Understanding that youths are leaders of the future, the SEOF has placed much priority on the youth through its Youth Empowerment schemes. The Foundation empowers youths through provision of loans and micro-finance grants to low income earners and highly industrious persons. All these are basically done to engage youths in more productive ventures and help them to be independent. The motorcycle transit venture is one of the many programmes aimed at helping the youths to plan and manage their businesses. Remarkably, a high number of youths have been able to expand through this, venturing into commercial bus enterprise. This has not only brought additional employment to others, over 500 young minds have been touched and have success stories to tell of how a single, yet simple gift can grow ideas.

Aside the above, the SEOF supports people with disabilities through sponsorships to local and international sporting events. The 2014 International Wheelchair and Amputee Sports (IWAS) Junior Games held at Stoke Mandeville Stadium in Buckinghamshire England was one of those where Nigerian Paralympian Emmanuel Godwin who participated in the weightlifting category won Gold at the event, doing both the country and the SEOF proud.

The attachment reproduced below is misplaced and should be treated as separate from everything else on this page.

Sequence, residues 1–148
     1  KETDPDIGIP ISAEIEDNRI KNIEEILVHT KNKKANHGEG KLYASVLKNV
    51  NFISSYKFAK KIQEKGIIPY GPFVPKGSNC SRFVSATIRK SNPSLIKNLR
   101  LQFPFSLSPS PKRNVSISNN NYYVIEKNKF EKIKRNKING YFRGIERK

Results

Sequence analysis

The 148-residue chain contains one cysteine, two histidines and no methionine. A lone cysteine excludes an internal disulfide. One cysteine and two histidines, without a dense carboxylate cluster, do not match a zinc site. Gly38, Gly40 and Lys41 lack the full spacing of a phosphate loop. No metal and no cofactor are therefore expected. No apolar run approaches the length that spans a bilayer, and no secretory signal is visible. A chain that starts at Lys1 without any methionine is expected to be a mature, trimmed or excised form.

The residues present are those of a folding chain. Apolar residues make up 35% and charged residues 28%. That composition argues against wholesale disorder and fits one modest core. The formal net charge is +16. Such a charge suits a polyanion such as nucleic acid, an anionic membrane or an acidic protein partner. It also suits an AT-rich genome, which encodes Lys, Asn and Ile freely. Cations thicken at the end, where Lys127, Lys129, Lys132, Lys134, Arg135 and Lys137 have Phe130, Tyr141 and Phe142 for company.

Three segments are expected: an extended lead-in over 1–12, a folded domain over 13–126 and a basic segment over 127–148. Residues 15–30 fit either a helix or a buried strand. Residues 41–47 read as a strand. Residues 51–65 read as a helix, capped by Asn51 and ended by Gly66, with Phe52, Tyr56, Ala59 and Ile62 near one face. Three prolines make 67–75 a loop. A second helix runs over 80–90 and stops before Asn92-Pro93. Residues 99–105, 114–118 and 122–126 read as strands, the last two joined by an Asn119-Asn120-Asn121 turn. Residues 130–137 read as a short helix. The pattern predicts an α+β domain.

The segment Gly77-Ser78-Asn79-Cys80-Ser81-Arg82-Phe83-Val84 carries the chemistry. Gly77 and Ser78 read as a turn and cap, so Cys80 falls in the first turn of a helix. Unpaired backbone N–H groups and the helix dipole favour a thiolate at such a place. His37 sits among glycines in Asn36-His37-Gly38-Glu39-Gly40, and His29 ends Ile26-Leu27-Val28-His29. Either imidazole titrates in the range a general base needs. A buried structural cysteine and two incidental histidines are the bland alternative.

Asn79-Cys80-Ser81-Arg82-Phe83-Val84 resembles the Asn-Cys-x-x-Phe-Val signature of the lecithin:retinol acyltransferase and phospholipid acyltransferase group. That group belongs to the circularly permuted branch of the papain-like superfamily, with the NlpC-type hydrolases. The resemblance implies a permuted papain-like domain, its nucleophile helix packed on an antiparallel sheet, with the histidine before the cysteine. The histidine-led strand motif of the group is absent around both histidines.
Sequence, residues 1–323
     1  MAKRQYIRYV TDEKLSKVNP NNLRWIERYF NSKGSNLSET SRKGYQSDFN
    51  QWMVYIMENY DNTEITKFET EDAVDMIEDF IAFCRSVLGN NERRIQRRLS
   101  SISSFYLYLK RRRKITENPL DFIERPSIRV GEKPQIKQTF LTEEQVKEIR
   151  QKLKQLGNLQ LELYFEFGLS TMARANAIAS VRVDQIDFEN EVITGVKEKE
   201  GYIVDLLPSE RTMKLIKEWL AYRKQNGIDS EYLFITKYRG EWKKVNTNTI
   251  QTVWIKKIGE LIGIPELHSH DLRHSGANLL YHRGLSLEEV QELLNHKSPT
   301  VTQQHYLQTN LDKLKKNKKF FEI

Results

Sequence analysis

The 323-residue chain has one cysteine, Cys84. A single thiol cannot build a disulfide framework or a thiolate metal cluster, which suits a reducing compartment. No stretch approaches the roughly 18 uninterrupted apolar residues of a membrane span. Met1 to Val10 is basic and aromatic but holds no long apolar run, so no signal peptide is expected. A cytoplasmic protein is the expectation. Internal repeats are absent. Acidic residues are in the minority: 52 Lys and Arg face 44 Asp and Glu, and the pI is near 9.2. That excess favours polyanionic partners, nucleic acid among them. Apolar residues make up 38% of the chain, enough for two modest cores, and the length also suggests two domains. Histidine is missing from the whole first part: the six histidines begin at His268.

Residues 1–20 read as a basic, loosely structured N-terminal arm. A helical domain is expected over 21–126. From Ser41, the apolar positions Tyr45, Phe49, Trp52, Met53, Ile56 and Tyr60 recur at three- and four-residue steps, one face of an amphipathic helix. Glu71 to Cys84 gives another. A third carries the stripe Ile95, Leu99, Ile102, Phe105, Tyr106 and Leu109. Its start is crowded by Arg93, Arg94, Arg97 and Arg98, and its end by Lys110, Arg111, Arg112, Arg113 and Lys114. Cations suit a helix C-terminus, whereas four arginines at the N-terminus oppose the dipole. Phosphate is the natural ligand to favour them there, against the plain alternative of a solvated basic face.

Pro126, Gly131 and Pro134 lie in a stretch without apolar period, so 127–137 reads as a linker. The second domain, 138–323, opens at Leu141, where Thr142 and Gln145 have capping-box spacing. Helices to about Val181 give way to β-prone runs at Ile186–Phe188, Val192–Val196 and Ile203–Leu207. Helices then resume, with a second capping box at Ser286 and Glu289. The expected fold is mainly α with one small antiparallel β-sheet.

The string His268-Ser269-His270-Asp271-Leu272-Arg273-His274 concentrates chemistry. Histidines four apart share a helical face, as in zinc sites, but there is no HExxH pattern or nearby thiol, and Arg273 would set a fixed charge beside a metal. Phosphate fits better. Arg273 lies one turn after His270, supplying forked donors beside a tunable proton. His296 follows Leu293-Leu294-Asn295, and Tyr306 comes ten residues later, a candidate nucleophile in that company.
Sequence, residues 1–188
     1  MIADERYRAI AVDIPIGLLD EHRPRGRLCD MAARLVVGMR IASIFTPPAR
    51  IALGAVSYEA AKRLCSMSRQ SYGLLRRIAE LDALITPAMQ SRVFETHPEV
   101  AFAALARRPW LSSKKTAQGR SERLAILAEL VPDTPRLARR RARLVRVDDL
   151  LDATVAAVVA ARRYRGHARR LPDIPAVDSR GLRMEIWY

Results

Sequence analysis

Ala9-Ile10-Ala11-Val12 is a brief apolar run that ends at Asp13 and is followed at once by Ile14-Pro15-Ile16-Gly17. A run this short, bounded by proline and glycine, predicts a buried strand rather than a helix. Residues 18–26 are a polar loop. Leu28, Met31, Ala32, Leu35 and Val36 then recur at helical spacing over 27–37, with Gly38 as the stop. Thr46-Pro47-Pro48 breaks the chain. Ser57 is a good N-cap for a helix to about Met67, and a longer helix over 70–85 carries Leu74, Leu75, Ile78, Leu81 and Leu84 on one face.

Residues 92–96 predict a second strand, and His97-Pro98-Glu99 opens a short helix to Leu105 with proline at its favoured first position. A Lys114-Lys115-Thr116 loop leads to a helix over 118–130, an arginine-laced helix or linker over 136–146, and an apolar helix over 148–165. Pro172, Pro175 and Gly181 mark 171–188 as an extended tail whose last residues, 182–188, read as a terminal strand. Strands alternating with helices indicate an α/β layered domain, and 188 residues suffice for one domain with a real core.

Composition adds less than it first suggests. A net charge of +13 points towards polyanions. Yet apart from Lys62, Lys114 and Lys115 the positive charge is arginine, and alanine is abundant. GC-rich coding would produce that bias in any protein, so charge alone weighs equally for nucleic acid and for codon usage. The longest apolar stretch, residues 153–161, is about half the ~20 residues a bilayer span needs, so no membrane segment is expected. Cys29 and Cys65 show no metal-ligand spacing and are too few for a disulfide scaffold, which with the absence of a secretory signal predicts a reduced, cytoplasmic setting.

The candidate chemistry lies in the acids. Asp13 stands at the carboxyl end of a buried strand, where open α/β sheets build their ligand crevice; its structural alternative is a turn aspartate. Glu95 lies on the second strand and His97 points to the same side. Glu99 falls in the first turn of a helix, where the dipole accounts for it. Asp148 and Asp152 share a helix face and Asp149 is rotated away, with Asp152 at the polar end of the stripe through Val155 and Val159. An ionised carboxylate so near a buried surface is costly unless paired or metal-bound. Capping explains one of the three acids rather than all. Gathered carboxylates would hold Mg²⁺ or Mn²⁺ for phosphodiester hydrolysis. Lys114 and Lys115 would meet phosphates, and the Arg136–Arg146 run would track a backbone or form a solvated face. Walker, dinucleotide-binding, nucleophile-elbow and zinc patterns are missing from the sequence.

One could go on and on but significantly, it must be noted that the local and international partnerships and collaborations SEOF engages with a number of reputable local and international organisations are very key to its philanthropic core objective which is humanity first. This is done basically to help build bridges, cement hopes and transform lives at all times. Our world today must revolve around removing people from poverty and helping to sustain their human needs. We need to understand that human development policies or strategies are the first and last steps to providing human needs without which crisis may set in. For the SEOF, its capacity to fulfil a significant number of our human challenges over the years represents a right step in the right direction of a purposeful human development strategy. It is only when people feel disconnected from their society and immediate environment that they begin to show deviance, a sign that crisis is about to happen. Nations must begin to invest heavily on people rather than on weapons and other less important issues.